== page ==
After six weeks we’re starting to get the hang of this. But even the worst travel malaise couldn’t detract or wholly distract from our enjoyment of this beautiful, somewhat odd country. A million little details flash by every day, every hour, sometimes completely foreign, more often just different enough from our realm of experience to seize our attention, to prompt a constant, a habitual focusing and re-focusing. Like the fact that groups of teenagers here can be seen gathered on street corners, not smoking cigarettes and spray-painting walls, but feverishly playing yo-yo. This country is in the grip of a love affair with rugby that’s akin to our love of football, only more rabid – the most placid retiree is not immune to Rugby Fever – and yet less so, less serious, gentler. All the bars are (mercifully) non-smoking, and many (most) contain slot machines: but gambling isn’t considered a social disease, or maybe they just don’t worry about it as much as we do in the States. Here they call slot machines “pokies” – because you poke dollar coins into them. Clever, huh. There are no dollar bills, only dollar coins. They also have two-dollar coins. Nice and weighty. The Queen adorns both: a younger version going back to 1990: the older face, with sagging jowls, starting sometime in the late ‘90s.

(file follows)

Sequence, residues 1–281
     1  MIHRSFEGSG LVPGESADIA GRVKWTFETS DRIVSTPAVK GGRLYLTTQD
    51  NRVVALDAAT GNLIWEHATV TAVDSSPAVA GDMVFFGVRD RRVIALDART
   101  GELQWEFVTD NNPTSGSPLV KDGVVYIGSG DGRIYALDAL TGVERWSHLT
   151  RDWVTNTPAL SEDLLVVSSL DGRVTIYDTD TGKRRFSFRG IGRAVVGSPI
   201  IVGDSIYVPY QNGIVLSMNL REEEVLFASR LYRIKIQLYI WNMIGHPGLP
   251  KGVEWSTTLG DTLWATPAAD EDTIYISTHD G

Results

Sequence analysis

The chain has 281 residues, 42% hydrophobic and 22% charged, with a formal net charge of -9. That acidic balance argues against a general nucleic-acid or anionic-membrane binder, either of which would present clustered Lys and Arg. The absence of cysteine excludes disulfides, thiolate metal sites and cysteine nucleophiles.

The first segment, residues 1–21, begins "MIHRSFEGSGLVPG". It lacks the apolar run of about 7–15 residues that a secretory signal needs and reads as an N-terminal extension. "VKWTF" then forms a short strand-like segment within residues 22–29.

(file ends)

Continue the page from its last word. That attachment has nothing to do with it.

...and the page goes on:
Kiwis are not a litigious people. They bungy, they sky-dive, they jet-boat against the current on whitewater rapids: they risk life and limb as a matter of course and never require the signing of a waiver. They laugh at Americans’ inclination to sue. Differences are physical, too. We’ve gotten adept at spotting the locals – the Kiwi face, gait, mode of dress (chiefly black and pink in the cities) – and distinguishing them from the Brits, Aussies and other Americans. (Of the international set, Germans are the most obvious.) Kiwis always smile. I don’t think we’ve met a single grumpy one.

It may also interest you to know that the myth of the toilet water flushing in the other direction is, as far as New Zealand is concerned, just that: a myth. Toilet water doesn’t flush in the other direction: it goes straight down.